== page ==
In Brazil, Marcela had spent over ten years to qualify as a pediatric intensive care specialist. She was working at a hospital in Brazilia when she and her husband decided to move to Chicago for two years for his graduate degree. At first, Marcela was glad to have more time to care for her baby son, and relieved to take a break from her stressful job, but after one year she felt herself becoming restless. However, in the remaining time in Chicago, there was little she could do about her work situation.
After returning to Brazil, Marcela had a second child and resumed her work. Two years later, her husband took a position at the WBG. In Washington, Marcela knew from her experience in Chicago that she needed to be working professionally in some capacity. She briefly looked into requalifying as a physician in the US, but it didn’t seem worth it given her husband’s length of assignment (three years). Requalifying would involve several years of exams and a new residency, and furthermore, it was going to be expensive. She thought of using the time instead to add to her qualifications by doing an internship, but after an intense period of looking, she found no internships that were open to her.
A chance conversation with a friend suggested something she had never considered—being a birth doula. A doula is essentially a coach/companion for the mother (and family). A doula will keep the mother informed, safe and comfortable just before, during and after labor and delivery. Her friend suggested that Marcela try out being a doula by helping an acquaintance through the birth process.
Marcela was intrigued by this experience and decided to take the online classes and exams to qualify, which were not too challenging for her given her medical background. She also had to shadow a working doula, so she contacted a local doula service. Six months later, having completed her training, she applied for a job at the same company and has been working there for seven months.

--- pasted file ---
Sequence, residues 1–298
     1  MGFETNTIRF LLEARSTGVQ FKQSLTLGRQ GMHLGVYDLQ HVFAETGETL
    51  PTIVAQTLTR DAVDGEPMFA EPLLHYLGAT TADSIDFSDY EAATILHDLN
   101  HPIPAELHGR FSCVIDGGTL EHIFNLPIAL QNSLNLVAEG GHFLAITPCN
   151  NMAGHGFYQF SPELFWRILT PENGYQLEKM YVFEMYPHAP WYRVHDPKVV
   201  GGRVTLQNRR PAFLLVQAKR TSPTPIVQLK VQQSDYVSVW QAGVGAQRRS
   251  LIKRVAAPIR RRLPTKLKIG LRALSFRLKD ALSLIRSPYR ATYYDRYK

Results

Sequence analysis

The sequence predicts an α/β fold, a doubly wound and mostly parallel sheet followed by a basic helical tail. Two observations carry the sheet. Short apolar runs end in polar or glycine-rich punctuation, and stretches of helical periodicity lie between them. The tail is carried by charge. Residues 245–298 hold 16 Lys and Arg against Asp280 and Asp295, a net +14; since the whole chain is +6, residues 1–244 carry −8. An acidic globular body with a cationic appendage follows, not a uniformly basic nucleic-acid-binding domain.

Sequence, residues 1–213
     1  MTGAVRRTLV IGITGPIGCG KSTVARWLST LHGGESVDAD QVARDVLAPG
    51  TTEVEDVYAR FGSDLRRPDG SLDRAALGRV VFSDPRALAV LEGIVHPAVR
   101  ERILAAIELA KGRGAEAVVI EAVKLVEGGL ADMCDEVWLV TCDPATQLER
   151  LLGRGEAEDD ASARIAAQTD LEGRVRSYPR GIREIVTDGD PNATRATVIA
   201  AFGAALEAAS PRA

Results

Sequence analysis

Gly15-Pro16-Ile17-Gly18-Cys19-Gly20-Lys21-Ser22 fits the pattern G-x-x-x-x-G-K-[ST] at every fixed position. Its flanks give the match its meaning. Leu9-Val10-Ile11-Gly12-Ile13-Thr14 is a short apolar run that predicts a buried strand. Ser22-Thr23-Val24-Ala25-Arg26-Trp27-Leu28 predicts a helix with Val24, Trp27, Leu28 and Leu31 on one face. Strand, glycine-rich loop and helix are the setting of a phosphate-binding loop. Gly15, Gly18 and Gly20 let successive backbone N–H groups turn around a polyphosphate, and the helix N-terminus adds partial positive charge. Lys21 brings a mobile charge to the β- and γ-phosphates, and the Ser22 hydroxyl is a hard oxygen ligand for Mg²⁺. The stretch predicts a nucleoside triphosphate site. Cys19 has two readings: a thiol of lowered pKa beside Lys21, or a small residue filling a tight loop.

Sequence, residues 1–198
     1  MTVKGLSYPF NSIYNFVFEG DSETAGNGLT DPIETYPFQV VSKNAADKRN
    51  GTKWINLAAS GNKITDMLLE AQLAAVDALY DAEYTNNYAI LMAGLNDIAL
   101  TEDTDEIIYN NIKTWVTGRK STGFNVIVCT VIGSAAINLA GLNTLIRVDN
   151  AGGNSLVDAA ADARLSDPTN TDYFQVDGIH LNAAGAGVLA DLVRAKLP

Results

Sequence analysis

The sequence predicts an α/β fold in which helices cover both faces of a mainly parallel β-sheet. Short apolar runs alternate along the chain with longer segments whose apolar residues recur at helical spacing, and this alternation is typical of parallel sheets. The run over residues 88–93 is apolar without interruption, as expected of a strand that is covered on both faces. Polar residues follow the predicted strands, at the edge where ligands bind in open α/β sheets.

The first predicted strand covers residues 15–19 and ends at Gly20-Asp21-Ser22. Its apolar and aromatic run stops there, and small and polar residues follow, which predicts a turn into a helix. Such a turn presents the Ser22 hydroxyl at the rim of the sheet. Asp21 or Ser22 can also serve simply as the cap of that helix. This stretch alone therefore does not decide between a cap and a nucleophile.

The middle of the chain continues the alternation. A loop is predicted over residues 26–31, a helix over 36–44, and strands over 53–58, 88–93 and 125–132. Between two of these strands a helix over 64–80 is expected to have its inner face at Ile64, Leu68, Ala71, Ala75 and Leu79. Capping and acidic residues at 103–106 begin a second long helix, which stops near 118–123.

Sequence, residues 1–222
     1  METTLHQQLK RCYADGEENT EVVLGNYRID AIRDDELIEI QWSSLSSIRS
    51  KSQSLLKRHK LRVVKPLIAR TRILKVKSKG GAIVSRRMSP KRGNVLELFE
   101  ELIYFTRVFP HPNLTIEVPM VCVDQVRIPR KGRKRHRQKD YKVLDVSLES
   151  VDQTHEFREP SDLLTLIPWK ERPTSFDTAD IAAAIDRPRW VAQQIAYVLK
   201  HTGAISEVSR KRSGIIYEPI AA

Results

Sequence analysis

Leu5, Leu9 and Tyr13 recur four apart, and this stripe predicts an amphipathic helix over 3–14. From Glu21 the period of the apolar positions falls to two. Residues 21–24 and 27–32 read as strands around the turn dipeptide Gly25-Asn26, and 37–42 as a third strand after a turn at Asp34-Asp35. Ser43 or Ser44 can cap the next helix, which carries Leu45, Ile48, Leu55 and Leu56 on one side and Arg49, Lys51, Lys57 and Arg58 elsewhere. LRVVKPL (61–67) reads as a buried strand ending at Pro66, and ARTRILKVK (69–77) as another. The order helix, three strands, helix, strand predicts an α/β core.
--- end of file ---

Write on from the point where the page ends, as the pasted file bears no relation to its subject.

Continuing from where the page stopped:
Marcela works at DC Birth Doulas, and thinks very highly of the team she is now part of. She notes that hiring a doula is a growing trend in the US, and that studies show that with the presence of a doula, labors tend to be shorter and there are fewer c-sections. Some insurance companies will now partially cover the cost. Marcela has not attended a home birth as these are rare. Most are in the hospital.
Marcela brings two personal experiences to her new job that have helped her understand her clients better. After the birth of her first child, she went through a period of post-partum depression. The memory of this helps her to understand the physiological and emotional changes that happen to a new mother. The second experience was having children herself knowing from her first-hand professional experience all the things that can happen to a newborn, which was an anxiety she had to learn to deal with. This has helped her to understand the fears of women in childbirth.
Being a doula has been a complete change of pace for Marcela. Her medical background is useful, especially to be able to explain to a woman in labor any medical interventions that might be needed, but it’s not the most important part of her job. She is there to support the mother, so her focus is very different than being on the medical team with the doctors and nurses. But she has approached her new profession with curiosity and enthusiasm, and has discovered she has a lot to learn about supporting and coaching a woman in labor.
“This is a fulfilling job for me because I see the difference it makes to people, and how grateful they are for my presence and work. I miss my old job for sure, but I’m very happy with being a doula for now.”
Marcela and her husband have discussed taking one more posting before returning to live permanently in Brazil, where she will resume her profession as an intensive care pediatrician. She doesn’t know if being a doula is something she will be able to use again in another location, but it has been a useful, meaningful and rewarding career change for her in DC.